Today I want to share with you a guest post from Mark Pey who offers a new and different perspective on what it’s like being a family of expats. This time, living abroad in Australia. As Mark explained to me in an email, he gave up on taking part in the rat race when he realized that even if you win, you’re still only a rat. Take it away Mark...
Hello all: I happened to find Coley’s Resilient Family blog, as one does, while wandering around the web (web gurus call it WWILF, “what was I looking for?”). His story sounded similar to my own: an American expat who took the plunge and moved abroad with his family. Coley asked me to write a guest post about “what convinced you to do it, what steps you took, and how your life has changed”. Here goes.
Starting in about the year 2000, my wife and I became increasingly disillusioned with life in the U.S.: What the country seemed to be about, the culture, the politics, the business sphere. None of it seemed to fit with our views of what a country should represent. We had both grown up believing in America, how great she was, and how great she could be in the future. But the America we saw was getting more and more corrupted and less and less able or willing to do something about it: in politics, in business, and definitely culturally.
(We also believed that in the next generation many opportunities, maybe even most of the opportunities, would be outside the US, particularly in Asia. We wanted our two boys (ages 13 and 11), to be fluent in “the world”, not to be trapped in an American-centric view. We’ve always found Americans to be very uncurious about the outside world and we didn’t want our kids to grow up with that disadvantage.)
I’d say if there’s one main factor that finally made us pull the plug was the way America behaves towards the rest of the world. I won’t turn this into a rant but Americans need to think how they would feel if another nation’s troops were on American soil. That’s what America does in over 130 countries right now. No wonder Americans are so disliked. No wonder they feel the need to turn America into a police state. “If you see something, say something”? Sounds like the U.S.S.R. to me. I think it was Ben Franklin who said “they who can give up essential liberty to obtain a little temporarity safety deserve neither liberty nor safety”.
Having decided to move away, maybe for a while, maybe forever, we took a good look at a map of the world. We had both travelled extensively and knew our way around. We wanted someplace with natural beauty, a good economy, and a welcoming culture. We picked Australia, although I think we would have been equally happy in any of the following places: France, Germany, Norway, Sweden, Denmark, Holland, Chile, Argentina, Uruguay, Peru, Panama, Costa Rica, New Zealand, Singapore, Thailand, Vietnam, Japan. We chose Australia and have been so very glad we did.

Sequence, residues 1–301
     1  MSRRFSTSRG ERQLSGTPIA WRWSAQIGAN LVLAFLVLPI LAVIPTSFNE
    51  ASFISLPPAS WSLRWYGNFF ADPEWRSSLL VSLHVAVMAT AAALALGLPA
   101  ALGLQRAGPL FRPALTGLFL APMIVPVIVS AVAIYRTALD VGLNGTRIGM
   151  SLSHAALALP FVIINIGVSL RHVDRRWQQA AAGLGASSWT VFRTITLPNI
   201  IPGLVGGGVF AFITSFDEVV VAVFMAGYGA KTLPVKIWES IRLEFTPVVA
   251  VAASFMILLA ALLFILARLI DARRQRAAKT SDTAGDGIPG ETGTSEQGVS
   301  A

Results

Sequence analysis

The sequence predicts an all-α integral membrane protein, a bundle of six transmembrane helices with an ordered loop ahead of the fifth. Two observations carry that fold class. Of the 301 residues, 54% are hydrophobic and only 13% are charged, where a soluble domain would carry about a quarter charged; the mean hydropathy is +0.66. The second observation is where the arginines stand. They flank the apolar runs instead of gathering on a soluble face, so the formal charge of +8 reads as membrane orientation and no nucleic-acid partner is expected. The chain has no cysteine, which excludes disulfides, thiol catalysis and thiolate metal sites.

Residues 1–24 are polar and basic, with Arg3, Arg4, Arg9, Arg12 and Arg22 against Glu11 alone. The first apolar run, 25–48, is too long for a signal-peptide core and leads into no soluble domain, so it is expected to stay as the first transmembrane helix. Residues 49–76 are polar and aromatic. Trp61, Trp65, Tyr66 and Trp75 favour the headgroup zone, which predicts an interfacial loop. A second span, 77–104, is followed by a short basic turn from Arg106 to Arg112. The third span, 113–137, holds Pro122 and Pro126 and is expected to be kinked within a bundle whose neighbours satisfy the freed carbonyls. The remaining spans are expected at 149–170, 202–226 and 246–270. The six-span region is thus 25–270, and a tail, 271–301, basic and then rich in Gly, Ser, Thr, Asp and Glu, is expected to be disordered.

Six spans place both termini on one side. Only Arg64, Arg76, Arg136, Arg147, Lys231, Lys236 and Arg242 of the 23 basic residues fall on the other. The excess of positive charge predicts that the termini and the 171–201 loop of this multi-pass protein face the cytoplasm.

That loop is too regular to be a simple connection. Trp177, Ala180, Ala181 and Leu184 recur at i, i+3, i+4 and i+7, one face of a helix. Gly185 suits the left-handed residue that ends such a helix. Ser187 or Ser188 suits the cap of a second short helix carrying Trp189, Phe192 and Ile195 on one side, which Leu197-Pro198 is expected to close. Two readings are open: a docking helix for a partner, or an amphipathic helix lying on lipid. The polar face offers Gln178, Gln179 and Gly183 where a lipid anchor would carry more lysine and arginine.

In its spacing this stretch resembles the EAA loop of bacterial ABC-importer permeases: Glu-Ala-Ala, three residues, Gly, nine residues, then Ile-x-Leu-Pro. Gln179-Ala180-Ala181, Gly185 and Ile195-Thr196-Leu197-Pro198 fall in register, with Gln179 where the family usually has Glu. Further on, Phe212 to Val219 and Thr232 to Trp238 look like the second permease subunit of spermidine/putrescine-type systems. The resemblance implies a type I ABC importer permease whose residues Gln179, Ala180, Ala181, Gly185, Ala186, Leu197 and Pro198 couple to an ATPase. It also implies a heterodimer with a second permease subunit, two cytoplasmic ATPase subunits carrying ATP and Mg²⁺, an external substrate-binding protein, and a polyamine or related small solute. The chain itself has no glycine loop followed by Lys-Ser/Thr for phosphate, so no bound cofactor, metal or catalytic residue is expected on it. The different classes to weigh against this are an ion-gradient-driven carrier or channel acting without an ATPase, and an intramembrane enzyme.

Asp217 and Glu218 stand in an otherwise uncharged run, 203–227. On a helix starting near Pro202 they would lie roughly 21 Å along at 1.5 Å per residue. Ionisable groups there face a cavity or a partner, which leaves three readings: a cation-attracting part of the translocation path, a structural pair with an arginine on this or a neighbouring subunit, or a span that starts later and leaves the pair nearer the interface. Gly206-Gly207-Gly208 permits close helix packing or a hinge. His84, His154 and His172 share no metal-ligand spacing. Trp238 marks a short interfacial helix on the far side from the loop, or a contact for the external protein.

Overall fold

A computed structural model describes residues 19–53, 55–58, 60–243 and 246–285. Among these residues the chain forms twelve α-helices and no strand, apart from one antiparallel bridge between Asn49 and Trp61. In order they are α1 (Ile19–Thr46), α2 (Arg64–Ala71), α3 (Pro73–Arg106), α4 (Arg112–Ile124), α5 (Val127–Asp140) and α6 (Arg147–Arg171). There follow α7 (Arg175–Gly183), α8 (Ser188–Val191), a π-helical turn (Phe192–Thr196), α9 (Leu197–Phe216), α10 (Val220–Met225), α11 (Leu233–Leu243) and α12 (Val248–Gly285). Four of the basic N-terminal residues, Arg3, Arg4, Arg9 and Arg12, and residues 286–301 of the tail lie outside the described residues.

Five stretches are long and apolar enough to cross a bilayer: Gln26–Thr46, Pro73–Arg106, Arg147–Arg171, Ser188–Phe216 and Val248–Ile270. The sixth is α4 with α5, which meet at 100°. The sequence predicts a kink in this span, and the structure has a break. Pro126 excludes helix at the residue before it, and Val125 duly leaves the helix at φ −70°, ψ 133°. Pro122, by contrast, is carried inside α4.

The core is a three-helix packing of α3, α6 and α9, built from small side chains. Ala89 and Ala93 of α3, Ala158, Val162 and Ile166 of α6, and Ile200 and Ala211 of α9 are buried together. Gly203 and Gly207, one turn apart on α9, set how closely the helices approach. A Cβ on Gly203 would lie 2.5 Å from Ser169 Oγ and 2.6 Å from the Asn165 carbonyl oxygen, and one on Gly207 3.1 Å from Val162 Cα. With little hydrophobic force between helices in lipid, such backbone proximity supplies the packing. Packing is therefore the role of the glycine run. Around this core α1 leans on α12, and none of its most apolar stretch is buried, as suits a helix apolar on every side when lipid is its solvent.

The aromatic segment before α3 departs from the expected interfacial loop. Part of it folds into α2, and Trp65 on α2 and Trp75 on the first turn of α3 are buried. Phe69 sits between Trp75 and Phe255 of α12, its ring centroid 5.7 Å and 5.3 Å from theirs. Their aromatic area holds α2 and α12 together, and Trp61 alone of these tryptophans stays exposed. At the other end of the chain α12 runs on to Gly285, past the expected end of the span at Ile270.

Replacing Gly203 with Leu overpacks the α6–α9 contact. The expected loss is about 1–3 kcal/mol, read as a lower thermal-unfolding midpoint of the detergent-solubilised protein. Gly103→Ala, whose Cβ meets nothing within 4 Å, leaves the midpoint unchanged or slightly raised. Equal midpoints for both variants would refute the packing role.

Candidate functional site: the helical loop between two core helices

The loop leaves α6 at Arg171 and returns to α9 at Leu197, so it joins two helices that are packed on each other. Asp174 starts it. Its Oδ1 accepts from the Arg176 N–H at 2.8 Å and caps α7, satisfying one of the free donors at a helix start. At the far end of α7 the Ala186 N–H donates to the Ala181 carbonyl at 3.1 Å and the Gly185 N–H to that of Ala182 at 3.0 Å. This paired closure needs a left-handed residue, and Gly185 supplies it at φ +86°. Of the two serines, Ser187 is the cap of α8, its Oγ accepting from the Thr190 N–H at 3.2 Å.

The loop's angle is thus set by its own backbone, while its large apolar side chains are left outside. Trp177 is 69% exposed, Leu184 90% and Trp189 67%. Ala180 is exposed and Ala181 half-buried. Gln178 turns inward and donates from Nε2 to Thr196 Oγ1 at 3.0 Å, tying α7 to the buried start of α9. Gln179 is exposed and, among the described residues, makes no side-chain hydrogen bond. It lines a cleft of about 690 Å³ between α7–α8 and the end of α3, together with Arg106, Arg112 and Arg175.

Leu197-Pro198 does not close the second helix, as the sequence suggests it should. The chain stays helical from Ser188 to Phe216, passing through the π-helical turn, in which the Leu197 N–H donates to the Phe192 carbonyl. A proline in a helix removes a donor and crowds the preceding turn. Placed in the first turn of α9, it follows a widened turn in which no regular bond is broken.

I was lucky enough to work for a large global multinational company that welcomed transfers between countries. But I would not say this is a requirement. We have plenty of friends here in Sydney who found jobs here either before they left the US, or after they got here. There is a 4-year visa program called the 457 visa that targets all sorts of professions where Australia has a gap: everything from diesel mechanics to nursing. Australia’s unemployment is around 4.5% and there are jobs to be had. We have now been granted Permanent Residency status, and soon will be granted Australian passports. I guess that reveals about how we feel about this incredible country.
Ok I will list the plusses and minuses. Of course the biggest minus has been that Australia is very far away from our families. That’s hard. The second minus has been that it’s expensive, with only 22 million people they don’t manufacture much themselves, so stuff costs more than the US. Overall our expenses are nearly identical to the US, though: things like health care and property tax are incredibly cheap, and it all balances out. If I need a visit to the doctor, I call up, they say yes please come in later today…and the bill is $25. I had laparoscopic hernia surgery, superb top-quality care, and it cost me about $800 bucks.
The other minus is a feeling in the pit of your stomach that lasts for about two years, that you’re a “foreigner”. This can be exciting and thrilling, but also a lonely feeling. Australians are very pro-American however, and very friendly, we’ve been invited to people’s homes much more than we ever were in California.
Let me finish with some more plusses: it’s safe (the murder rate is ¼ that of the US), there are jobs, people are positive, kids can find summer work, the pace is slower, vacations are long (like in Europe, people disappear for about 4-5 weeks in the summer). It’s also very sophisticated, and with the internet we’ve never felt isolated or left out.
What it takes to improve your life like this is two things: imagination and courage. You need to imagine yourself just doing it; then you just need the courage to take the first step. You won’t regret it!